Among that army of worthy winners, there is one man who missed out on a medal in Rio. A burly, blunt Franciscan priest, originally from Germany but now a Brazilian. Frei Hans Stapel, who has spent several decades in Brazil, helped to found a drug rehabilitation program called Farms of Hope.
There are more than 60 fazendas or ‘Farms of Hope’ in Brazil and around the world. They are supported by many generous donors, among them the pastoral charity Aid to the Church In Need (ACN). Frei Hans is the president in Brazil of ACN. His mission – to wean addicts off drugs and bring them back to a full life – embodies such a different attitude to addiction from that we are witnessing in the Philippines today.
There is a very strong emphasis on spiritual renewal at the farms. There is very early Mass and a lot of prayers. But as the first stages of addiction are beaten, the recovering residents provide support and advice based on their own experiences to the new arrivals . At any one time there will be 2000 in rehabilitation across the 60 fazendas.
They are run as commercial farms so that the residents have genuine productive work to sustain them.
The success rate for rehabilitation is very impressive – well over 85 per cent will leave the program and not fall back into their old addictions.
The Farms of Hope have kept close to the popes in recent times. Benedict visited the on his trip to Latin America.
In June of this year in Rome, Frei Hans visited Pope Francis, a fellow Latin American. In a truly medal-winning performance, Frei Hans cajoled, convinced or charmed the Holy Father – it is not clear which – into recording a message on the priest’s iPhone.
He said: “We men and women need God’s mercy. But we also need each other’s mercy. So I invite all of you together with Aid to the Church In Need to do, everywhere in the world, a work of mercy but one that stays. And don’t be afraid of God’s mercy. Mercy is God’s caress.”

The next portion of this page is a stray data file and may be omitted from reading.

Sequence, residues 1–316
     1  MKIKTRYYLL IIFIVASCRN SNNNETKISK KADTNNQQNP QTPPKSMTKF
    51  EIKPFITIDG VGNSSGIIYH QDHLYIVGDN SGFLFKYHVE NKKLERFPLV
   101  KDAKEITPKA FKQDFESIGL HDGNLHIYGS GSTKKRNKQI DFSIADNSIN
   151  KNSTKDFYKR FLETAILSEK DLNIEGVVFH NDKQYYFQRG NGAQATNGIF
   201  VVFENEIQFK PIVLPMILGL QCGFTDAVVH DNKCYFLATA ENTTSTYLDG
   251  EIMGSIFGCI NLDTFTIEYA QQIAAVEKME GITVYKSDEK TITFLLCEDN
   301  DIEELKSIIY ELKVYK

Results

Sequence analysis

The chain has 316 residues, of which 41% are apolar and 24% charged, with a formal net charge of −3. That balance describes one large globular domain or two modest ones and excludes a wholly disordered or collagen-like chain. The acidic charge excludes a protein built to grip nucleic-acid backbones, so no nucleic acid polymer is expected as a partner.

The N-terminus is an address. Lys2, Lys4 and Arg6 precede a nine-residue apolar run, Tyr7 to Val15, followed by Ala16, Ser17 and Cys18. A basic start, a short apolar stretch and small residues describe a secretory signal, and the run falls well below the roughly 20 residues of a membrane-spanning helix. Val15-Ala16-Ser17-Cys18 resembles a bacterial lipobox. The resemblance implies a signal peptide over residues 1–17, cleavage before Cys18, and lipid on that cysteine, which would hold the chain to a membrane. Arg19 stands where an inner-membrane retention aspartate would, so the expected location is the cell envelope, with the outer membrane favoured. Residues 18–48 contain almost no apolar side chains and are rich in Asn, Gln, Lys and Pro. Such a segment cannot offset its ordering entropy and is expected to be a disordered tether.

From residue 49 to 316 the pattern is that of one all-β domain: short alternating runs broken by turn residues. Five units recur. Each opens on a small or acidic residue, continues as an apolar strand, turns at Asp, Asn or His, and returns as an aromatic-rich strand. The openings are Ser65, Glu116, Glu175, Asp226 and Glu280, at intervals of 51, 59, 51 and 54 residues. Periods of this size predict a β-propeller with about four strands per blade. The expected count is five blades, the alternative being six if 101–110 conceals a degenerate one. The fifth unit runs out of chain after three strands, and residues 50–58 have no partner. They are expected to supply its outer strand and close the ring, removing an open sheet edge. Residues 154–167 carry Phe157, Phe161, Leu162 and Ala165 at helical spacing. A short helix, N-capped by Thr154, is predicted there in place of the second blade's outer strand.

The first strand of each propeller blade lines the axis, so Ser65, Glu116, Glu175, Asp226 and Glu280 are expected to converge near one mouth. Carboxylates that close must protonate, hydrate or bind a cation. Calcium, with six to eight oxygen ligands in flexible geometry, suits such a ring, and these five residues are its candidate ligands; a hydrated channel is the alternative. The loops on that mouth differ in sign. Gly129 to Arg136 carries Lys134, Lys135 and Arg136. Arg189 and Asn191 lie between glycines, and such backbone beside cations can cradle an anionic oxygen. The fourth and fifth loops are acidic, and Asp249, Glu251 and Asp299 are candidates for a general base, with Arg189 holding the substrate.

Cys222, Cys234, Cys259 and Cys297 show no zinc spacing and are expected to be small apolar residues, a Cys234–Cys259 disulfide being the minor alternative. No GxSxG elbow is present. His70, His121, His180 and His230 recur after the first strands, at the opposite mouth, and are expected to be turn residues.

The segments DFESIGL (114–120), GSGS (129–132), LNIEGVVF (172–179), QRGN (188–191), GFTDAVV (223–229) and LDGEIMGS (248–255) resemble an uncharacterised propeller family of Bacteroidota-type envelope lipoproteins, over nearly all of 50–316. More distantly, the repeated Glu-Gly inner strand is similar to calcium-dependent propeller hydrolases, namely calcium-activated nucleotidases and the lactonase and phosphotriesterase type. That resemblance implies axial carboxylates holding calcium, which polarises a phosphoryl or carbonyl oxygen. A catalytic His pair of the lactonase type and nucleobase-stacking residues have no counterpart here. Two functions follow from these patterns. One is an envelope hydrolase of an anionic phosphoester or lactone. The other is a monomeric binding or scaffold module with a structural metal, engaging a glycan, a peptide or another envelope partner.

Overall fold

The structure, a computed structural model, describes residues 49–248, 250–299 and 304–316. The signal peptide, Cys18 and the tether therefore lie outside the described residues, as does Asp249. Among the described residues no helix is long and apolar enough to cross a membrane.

When Pope Francis spoke of a work of mercy that stays, he highlights the need for creating permanent structures to deliver the works of mercy. That is what ACN does and no doubt why the Holy Father publicly supports it – a very rare endorsement.
In the past year, ACN worldwide collected more than $160 million to fund 7000 pastoral projects in more than 140 countries. The projects cover a very wide range of pastoral works.
They provide the funds to build and repair the roofs and walls of convents which are home for the nuns who deliver basic medical and nursing care in all of Africa and much of the third world.
In 2014 alone, ACN supported the work of nearly 10,000 nuns in third world and Eastern European countries. Our immediate neighbours in New Guinea and Timor rely heavily upon the work of the sisters to provide basic nursing care for others and newborns.
By many small donations, Toyota trucks and motorbikes have been able to replace the boots which both lay and religious wear out in bringing pastoral care anywhere and everywhere in remote areas.
ACN provides the means to direct Mass stipends for the souls of the departed. Many priests living on the edge of poverty are sustained in this traditional way. One in nine priests worldwide now receives practical support through ACN. Every year it distributes well over 1 million offerings raised from Catholic communities in the 22 countries where it operates.
The emphasis is on practical help, many small works of mercy from the 400,000 donors around the world. There have been however some major projects. In the past three years in the Middle East it has funded emergency housing, schools and churches built at a safe distance from invading armies.
These are acts of solidarity from those of us who are safe and secure to our poor and persecuted fellow Christians fleeing persecution in Syria and Iraq and beyond.
The pope summed up the mission in two powerful phrases. ‘A work of mercy, but one which stays.’ Works of Mercy depend on the permanent presence of devoted lay and religious, who will feed the hungry, care for the sick, shelter the homeless. So do the givers and the receivers experience ‘God’s caress’.
As for that non-existent Olympic Medal, Frei Hans deserved one just for capturing the pope’s simple and deep message on his iPhone.